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*To*: agj@xxxxxxxxxxxx, will@xxxxxxxxxxx*Subject*: Re: numerical conditioning MAGNITUDE and /*From*: William D Clinger <will@xxxxxxxxxxx>*Date*: Thu, 22 Jun 2006 21:22:58 -0400*Cc*: srfi-77@xxxxxxxxxxxxxxxxx*Delivered-to*: srfi-77@xxxxxxxxxxxxxxxxx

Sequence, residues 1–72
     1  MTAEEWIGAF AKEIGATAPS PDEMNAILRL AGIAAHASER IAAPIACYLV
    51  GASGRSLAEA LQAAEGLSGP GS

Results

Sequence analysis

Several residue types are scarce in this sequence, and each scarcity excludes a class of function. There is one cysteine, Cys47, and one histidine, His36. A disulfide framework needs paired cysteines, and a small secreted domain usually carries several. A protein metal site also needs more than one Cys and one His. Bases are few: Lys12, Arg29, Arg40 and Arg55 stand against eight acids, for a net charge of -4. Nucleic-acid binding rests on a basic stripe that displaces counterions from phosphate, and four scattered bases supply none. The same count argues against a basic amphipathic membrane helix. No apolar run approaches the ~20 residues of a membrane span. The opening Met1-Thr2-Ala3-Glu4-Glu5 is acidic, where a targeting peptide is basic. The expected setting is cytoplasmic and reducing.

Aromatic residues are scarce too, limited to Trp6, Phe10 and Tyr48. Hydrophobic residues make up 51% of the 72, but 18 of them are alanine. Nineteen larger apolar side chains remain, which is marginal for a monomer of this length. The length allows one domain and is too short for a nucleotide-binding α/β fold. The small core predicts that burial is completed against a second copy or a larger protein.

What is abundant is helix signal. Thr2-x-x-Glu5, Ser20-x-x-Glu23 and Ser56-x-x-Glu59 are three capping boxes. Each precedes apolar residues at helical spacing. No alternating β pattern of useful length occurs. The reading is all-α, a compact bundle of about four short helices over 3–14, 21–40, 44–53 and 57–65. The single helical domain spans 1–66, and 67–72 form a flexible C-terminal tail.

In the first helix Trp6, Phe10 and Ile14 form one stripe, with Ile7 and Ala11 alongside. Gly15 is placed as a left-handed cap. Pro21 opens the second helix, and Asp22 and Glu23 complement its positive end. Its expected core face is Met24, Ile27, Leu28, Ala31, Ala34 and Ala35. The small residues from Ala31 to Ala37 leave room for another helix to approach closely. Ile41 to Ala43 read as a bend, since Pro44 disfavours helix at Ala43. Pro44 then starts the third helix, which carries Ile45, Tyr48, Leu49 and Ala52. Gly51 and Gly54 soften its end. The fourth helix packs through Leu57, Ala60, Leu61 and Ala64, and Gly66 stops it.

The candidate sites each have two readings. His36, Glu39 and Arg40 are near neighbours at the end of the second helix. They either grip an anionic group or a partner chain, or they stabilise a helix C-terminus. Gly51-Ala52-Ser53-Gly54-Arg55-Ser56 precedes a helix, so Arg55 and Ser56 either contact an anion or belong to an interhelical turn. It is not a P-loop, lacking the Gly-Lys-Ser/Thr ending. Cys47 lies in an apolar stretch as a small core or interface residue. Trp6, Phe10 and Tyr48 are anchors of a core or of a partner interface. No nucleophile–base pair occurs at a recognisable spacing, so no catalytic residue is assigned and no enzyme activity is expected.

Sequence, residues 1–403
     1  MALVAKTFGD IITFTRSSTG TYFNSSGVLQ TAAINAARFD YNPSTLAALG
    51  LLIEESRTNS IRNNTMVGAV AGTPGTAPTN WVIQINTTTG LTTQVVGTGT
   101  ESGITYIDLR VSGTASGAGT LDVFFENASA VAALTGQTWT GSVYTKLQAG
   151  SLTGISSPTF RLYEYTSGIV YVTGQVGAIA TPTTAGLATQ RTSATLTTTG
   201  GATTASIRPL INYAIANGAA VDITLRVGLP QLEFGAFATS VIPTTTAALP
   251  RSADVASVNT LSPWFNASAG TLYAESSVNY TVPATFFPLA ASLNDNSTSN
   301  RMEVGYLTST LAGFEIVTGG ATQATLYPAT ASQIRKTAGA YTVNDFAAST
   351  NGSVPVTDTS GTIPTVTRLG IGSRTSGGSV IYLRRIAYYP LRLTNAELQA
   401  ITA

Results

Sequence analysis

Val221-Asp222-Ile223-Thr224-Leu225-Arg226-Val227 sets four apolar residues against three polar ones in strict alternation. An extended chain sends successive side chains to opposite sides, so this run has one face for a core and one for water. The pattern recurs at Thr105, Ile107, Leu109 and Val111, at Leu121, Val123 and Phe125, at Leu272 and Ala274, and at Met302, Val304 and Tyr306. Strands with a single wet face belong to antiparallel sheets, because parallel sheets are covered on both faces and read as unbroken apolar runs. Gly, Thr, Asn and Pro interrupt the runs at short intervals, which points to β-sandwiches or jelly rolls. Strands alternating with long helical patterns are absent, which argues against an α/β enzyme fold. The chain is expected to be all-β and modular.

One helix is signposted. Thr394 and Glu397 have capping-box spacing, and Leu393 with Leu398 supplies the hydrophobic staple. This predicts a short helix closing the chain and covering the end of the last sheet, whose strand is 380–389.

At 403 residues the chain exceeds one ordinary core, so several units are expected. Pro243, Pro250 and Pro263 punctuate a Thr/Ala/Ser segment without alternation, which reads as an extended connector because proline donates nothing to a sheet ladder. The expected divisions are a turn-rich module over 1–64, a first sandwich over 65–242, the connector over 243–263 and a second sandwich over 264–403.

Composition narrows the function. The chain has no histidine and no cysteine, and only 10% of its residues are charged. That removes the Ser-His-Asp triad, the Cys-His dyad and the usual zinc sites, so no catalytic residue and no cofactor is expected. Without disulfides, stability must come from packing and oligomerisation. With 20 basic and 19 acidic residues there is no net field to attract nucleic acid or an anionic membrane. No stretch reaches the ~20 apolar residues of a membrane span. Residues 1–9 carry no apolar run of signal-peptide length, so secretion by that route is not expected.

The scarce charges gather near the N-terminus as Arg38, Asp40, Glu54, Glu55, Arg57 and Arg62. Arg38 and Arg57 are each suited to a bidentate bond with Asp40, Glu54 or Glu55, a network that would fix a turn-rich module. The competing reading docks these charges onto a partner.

Aubrey Jaffer wrote: > I got ahead of myself. (where is that strawman!) I never worry about losing a strawman, because I can always invent another one. Aubrey went on to provide an excellent example of why it is better to leave some things in the fabled "quality of implementation" category: > * that MAGNITUDE and / should work over their full ranges is too > obvious to state in a specification. > > How would such a constraint be expressed? The tangent function proved > a counterexample to general statements about the output range of > functions. But specifics seem workable: > > The procedure MAGNITUDE returns a finite real nonnegative number for > every argument whose (mathematical) magnitude is less than the > most-positive-finite-flonum in the implementation. > > The procedure / applied to z1 and z2 returns a finite number when > (/ (magnitude z1) (magnitude z2)) is less than the > most-positive-finite-flonum in the implementation. > > Both of these constraints are compatible with both polar and > rectangular representations of complex numbers. Unfortunately, both constraints are unrealistic and largely useless. They are unrealistic because, when the mathematically correct result is within 1 ulp of the largest flonum, they imply a cumulative roundoff error in the positive direction of less than 1 ulp. They are useless because the easiest ways to satisfy that absurdly small bound on the positive error involve techniques that tend to decrease rather than to increase the accuracy of these operations: change the rounding mode to round toward zero, use single precision to represent all inexact reals so double precision can be reserved for the use of library procedures that need extra precision to satisfy the constraints, and so on. Furthermore the stated constraints are concerned only with edge cases, and place no useful constraint on the accuracy of common cases. Legalistic attempts to require some precise quality of implementation often inspire an equally legalistic search for loopholes, with consequences opposite to those intended. Will

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